|The Palace Gate: Jaganmohan Palace|
In Mysore, one is never too far from royalty. Located west of the illustrious Mysore Palace, the Jaganmohan Palace is one of the seven palaces that the Wodeyar kings built in and around the city, making it a true recipient of the royal legacy. Within the main city itself, there are seven such palaces. As one enters the Jayachamarajendra Art Gallery, located inside the palace, one is greeted with a striking masterpiece adorned with intricate carvings that have been carved in a short span of just 70 days. Venturing deeper, one finds wooden doors that narrate the tale of Dasavatharam, the ten incarnations of Lord Vishnu.
The Jaganmohan Palace was built during the reign of Krishnaraja Wodeyar-III and was completed in 1861. Since the main Ambavilas Palace, widely familiar as the Mysore Palace was burnt down in a fire, the Jaganmohan Palace was commissioned to serve as the residence of the royal family until 1912, the year when the Mysore Palace was completed. Many important decisions pertaining to the erstwhile kingdom of Mysore have been taken inside the palace premises. The coronation ceremony of Krishnaraja Wodeyar-IV took place in a pavilion inside this palace in 1902. This was followed by the first legislative council of the erstwhile Mysore State that was held here in July 1907 which was presided over by the Dewan.
The Jaganmohan Palace was converted into an art gallery in 1915 and was formally renamed as the Jayachamarajendra Art Gallery in 1955. As one walks over the cool wooden tiled floors of the palace, the sheer number of paintings that are on display at the gallery surprise one. With over 2000 paintings, most of which belong to different schools of Indian art. The most common being the Mysore, Mughal and Shantiniketan style of Indian art. A family tree of the Wodeyars since Yaduraya Wodeyar in 1399 alone captures an entire wall. The interior walls that have been painted with murals showcase the grandeur of the naddahabba (state festival) that is the Dasara festival and the canvas depicts the sequence of the Jumbo Savari.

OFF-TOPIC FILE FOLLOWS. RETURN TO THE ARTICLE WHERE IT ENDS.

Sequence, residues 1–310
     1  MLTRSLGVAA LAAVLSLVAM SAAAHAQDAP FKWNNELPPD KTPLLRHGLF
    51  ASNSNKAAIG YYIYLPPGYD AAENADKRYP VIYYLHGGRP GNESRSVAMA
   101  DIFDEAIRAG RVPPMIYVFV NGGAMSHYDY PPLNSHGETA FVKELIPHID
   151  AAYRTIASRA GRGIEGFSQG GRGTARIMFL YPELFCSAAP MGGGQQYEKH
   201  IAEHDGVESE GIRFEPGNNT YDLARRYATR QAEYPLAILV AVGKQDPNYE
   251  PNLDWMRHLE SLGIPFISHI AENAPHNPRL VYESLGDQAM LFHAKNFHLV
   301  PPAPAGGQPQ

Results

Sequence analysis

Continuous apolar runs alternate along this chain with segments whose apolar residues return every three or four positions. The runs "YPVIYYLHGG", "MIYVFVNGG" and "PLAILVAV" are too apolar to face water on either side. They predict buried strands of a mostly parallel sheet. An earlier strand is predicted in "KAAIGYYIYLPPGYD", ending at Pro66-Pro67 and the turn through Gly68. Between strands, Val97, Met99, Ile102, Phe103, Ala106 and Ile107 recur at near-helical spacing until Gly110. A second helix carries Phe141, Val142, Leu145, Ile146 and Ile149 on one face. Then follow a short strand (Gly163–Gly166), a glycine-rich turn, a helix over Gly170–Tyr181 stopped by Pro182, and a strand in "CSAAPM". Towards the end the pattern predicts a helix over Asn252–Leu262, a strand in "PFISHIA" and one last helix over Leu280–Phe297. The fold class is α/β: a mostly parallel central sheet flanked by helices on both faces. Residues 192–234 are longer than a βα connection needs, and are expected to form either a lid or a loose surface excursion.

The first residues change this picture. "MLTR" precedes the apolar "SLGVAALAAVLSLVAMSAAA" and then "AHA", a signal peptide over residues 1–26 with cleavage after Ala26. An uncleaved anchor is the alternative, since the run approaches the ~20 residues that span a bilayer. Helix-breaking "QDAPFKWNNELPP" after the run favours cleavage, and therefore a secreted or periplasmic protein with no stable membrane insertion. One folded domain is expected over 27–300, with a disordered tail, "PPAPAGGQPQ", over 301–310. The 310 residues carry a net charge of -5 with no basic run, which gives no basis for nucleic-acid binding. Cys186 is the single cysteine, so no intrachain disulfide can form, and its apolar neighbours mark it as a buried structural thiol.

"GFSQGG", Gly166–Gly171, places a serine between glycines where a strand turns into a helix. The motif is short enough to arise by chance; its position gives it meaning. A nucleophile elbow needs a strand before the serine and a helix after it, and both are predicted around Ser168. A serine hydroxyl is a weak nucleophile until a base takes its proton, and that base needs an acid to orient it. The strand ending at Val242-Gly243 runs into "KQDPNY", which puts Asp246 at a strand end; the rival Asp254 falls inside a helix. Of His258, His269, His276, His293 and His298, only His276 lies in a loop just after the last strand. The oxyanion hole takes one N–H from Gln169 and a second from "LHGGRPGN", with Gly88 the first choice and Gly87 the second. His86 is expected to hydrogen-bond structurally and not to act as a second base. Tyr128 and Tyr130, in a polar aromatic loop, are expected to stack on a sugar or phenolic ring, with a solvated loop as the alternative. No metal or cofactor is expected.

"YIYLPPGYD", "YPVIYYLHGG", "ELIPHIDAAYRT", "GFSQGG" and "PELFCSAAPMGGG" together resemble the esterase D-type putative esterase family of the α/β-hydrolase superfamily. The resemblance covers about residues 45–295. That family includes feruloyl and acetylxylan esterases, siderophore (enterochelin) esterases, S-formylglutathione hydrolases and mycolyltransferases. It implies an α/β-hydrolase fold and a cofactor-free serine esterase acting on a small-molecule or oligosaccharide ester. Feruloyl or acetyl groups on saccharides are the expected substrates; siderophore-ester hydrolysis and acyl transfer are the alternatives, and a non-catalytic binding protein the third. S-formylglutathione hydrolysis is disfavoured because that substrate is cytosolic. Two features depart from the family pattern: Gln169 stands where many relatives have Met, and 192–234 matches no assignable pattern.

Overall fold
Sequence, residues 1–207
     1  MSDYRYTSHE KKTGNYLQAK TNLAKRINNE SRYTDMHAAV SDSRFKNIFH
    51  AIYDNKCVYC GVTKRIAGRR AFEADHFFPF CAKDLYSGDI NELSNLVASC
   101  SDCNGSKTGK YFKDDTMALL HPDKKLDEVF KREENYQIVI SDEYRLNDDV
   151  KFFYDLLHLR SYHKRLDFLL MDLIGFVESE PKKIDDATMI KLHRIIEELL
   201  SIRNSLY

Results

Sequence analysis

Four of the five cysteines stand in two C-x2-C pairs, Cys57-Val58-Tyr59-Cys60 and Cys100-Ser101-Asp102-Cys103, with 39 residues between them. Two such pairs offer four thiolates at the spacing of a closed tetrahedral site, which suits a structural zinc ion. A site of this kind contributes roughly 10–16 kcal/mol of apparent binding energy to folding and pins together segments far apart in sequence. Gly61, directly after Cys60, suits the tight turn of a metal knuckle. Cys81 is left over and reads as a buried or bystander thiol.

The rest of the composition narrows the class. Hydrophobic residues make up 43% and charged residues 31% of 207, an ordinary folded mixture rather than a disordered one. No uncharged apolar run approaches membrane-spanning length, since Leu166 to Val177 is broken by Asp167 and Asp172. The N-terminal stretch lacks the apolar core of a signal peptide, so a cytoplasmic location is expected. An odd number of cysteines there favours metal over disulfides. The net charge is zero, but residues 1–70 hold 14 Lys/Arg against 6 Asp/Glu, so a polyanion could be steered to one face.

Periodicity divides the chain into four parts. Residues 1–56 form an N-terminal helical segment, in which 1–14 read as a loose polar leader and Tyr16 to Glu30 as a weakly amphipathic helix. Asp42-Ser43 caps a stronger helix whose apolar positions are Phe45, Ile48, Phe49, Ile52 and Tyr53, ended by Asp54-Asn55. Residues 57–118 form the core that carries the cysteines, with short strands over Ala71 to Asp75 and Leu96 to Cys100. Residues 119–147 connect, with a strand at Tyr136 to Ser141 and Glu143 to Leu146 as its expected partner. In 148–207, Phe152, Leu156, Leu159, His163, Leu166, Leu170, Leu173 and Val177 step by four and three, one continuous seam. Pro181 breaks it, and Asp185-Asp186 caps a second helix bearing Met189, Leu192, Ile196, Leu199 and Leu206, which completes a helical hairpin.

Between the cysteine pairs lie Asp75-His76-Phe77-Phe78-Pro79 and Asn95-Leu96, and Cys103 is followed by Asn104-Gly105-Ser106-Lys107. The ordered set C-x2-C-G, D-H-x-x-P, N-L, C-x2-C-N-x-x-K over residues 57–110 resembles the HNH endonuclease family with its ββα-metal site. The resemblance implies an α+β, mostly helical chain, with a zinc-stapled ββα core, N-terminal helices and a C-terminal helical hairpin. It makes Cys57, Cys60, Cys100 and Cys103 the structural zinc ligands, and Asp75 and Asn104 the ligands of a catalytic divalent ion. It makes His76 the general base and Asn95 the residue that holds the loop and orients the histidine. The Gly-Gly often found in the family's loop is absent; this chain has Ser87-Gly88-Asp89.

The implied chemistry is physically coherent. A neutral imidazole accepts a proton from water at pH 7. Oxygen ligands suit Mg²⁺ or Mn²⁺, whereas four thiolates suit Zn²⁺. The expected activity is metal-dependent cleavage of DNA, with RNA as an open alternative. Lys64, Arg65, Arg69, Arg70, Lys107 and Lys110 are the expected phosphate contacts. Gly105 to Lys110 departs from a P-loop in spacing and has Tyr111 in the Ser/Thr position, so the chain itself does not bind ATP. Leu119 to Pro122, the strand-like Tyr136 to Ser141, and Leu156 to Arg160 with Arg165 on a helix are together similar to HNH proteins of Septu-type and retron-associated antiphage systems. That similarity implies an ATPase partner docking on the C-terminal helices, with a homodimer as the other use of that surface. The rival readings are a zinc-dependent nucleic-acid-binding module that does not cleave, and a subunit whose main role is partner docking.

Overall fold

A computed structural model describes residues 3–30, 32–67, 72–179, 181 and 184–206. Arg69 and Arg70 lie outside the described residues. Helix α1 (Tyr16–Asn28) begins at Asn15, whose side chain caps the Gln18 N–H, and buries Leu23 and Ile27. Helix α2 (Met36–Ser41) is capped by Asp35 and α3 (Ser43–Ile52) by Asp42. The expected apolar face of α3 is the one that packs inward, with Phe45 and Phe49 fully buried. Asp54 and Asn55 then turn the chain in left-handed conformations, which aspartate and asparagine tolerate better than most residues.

Located in three floors, the Jaganmohan Palace has some of the finest kitsch objects, some of which are part of the royal memorabilia which include chairs like the mayurasana, rare musical instruments and various examples of Japanese art. There are also paintings that have been made on a grain of rice which are visible only when peers through a magnifier. It also has a prestigious collection of oil paintings done by Raja Ravi Varma, the classical painter who is believed to have painted Indian Gods. Some of the paintings narrate important scenes from the Mahabharata, Ramayana and Srimad Bhagavatham.
Another striking feature is a painting of a 'Lady with The Lamp' that was painted by Haldankar. It is the only exhibit which is placed in a dark room. It gives the illusion as if the glow of the lamp lights up the face of the woman. With a French clock which chimes as if in a parade with miniature soldiers beating drums marking the seconds and a bugle marks the minute. Sculptures, musical instruments, brassware, war equipment, antiques, coins and currencies are some of the other important things one must see here. The items on display in truly make it one of the largest collections of artifacts in South India, making it one of the leading art galleries of the country.